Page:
Phlebotomy: Definition, Need and Consern
Definition of Phlebotomy
The term Phlebotomy originates from a Greek expression known as Phlebo. The word Phlebo stands for the vein. The word tom refers to the act of cutting or puncturing and finally, the last letter y refers to a process. Bearing all this in mind, the term refers to cutting or puncturing of veins so as to collect blood samples for the sole purpose of testing for the presence of illnesses or infections. The procedure involves withdrawing a preset level of blood. More often than not, the amount of blood to be withdrawn from the patient is almost half a liter.
At the same time, the doctors administer a set level of intravenous fluid that acts as volume replacement. To administer the intravenous fluid, the doctors use normal saline. Phlebotomy has proven to be important medical procedure in the medical field today in enabling doctors conduct proper diagnosis to determine illnesses and give apt health care review.
Why the need for Phlebotomy?
The primary function of the red blood cells in a human body is collecting oxygen in the lungs and transporting it to various organs in the body. Cyanotic congenital is a heart ailment that is as a result of less oxygen entering the blood. Consequently, the body aims to increase the number of red blood cells in order to compensate for the less amount of oxygen in the blood. This condition is referred to as erythrocytosis.
Increase in the number of red blood cells in the body makes the blood thicker and may result in signs of fatigue, headaches, dizziness, blurred vision, faintness, muscle aches and decreased alertness. In this case, the objective of phlebotomy is to alleviate these symptoms. Funny enough, every person can develop their own unique symptoms. During the phlebotomy, doctors seek to monitor the patient’s blood work with aim to examine the patient’s hematocrit as well as hemoglobin. Thus this ensures the health fitness tips.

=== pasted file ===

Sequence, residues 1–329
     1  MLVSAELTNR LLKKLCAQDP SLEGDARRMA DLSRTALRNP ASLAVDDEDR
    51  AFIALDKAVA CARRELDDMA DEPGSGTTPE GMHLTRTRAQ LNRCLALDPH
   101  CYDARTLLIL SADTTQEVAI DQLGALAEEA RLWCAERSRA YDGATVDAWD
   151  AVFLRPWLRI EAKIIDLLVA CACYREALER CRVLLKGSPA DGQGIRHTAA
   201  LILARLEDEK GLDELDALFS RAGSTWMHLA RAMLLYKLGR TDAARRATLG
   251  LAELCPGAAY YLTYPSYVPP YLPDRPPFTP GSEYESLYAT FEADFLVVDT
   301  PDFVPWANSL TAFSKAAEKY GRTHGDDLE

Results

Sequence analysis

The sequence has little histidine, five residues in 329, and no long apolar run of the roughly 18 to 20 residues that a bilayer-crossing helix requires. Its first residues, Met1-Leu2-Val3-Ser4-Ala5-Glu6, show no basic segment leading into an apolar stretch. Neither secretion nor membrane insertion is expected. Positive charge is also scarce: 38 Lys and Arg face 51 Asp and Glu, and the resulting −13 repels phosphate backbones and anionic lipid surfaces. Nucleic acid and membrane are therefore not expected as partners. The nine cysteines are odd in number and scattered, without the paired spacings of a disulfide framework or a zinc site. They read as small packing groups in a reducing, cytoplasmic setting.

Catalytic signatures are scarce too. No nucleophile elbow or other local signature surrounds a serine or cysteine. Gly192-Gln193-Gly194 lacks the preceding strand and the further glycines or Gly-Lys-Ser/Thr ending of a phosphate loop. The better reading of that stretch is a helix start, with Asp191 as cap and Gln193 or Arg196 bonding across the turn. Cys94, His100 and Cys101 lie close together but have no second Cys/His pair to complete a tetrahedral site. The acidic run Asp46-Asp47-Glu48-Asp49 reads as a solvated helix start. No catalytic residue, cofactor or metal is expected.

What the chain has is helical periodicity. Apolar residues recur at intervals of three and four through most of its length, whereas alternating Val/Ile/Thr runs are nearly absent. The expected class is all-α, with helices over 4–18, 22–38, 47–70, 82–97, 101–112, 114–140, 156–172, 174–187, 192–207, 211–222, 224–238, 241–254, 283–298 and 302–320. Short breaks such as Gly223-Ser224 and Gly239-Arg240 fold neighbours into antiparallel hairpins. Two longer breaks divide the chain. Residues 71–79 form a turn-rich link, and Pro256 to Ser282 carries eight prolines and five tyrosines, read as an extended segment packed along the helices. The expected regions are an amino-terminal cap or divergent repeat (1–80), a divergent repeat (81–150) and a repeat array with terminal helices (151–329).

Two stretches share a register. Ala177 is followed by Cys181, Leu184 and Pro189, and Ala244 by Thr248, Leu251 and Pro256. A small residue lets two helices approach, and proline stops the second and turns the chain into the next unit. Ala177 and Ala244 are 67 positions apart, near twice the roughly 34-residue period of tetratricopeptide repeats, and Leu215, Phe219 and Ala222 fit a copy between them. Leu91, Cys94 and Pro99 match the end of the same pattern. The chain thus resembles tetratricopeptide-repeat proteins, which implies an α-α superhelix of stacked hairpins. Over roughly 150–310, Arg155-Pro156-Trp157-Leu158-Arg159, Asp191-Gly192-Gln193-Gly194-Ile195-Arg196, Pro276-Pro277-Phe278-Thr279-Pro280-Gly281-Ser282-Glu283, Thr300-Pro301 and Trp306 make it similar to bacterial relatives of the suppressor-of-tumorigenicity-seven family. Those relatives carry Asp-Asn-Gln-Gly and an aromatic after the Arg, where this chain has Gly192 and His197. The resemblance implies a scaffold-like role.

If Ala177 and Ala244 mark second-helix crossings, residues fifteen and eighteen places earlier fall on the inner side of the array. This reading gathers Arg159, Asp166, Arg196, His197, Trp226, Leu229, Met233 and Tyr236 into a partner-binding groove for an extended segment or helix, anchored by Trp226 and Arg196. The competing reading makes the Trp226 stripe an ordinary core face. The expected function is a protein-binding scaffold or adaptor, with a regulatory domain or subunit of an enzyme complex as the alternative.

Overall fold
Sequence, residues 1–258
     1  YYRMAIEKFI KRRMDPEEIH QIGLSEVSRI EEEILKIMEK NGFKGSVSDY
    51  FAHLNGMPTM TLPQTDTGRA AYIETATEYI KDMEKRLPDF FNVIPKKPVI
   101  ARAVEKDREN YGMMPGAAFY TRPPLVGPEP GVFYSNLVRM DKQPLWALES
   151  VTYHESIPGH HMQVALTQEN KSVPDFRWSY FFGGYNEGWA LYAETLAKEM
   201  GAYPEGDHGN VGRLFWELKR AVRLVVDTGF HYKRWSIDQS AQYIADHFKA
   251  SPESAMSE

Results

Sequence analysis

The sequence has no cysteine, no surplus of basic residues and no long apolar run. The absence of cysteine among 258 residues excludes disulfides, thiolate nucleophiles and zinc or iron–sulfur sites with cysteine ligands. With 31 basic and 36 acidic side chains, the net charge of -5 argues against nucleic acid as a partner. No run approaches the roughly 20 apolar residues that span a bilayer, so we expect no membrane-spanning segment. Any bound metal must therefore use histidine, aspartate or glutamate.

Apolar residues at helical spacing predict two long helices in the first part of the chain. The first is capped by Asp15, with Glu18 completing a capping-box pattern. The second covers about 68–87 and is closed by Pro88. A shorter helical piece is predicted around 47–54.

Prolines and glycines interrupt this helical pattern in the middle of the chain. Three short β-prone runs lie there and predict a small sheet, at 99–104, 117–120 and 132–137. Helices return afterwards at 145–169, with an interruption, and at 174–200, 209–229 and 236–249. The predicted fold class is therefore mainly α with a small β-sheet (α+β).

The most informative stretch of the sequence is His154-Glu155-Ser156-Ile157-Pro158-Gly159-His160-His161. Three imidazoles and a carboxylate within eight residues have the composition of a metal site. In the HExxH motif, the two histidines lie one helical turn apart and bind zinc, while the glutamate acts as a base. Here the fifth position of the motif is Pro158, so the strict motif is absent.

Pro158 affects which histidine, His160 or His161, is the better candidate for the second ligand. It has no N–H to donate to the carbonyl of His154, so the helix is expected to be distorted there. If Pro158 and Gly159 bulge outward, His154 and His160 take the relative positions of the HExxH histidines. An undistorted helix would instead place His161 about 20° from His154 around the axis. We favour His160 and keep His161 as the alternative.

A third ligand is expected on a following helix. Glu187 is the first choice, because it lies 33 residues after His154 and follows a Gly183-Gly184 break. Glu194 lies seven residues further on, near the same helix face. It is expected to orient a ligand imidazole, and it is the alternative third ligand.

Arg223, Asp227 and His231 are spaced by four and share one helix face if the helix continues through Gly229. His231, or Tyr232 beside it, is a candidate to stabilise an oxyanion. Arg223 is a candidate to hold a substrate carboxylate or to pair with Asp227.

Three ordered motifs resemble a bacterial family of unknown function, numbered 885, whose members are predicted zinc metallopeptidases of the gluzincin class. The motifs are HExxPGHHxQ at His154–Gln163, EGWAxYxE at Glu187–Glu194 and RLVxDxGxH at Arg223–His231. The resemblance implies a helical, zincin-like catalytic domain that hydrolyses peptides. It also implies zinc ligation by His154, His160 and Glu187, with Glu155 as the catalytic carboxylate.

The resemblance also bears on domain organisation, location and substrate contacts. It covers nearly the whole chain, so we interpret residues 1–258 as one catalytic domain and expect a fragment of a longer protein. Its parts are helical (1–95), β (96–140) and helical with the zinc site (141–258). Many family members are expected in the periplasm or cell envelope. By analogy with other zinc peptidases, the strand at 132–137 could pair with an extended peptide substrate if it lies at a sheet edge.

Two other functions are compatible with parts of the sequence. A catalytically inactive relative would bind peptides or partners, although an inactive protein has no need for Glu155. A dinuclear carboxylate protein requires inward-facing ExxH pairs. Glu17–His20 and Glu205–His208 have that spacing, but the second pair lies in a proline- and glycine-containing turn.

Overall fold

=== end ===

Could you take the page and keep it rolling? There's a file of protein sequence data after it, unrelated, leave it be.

Concerns Before Having Phlebotomy
It is important for a patient to have careful discussions between them and their physician prior having a phlebotomy. Such discussions are recommended for the sole purpose of ruling out other causes that may result in the symptoms. Doctors cannot recommend phlebotomy to patients that suffer from iron deficiency syndrome or patients that have extremely high blood count as a result of dehydration. In this case, both the iron deficiency and the high blood count ought to be corrected prior consideration of a phlebotomy. It is worth noting that phlebotomy is not undertaken to avoid stroke.
In actual fact, patients risk suffering from iron deficiencies, worsened symptoms, and high risk of cerebrovascular events due to inapt phlebotomies. Patients that do not experience the symptoms cited above that interfere with their day-to-day activities do not require a phlebotomy. Even in the circumstance that a patient has both high hemoglobin and hematocrit.
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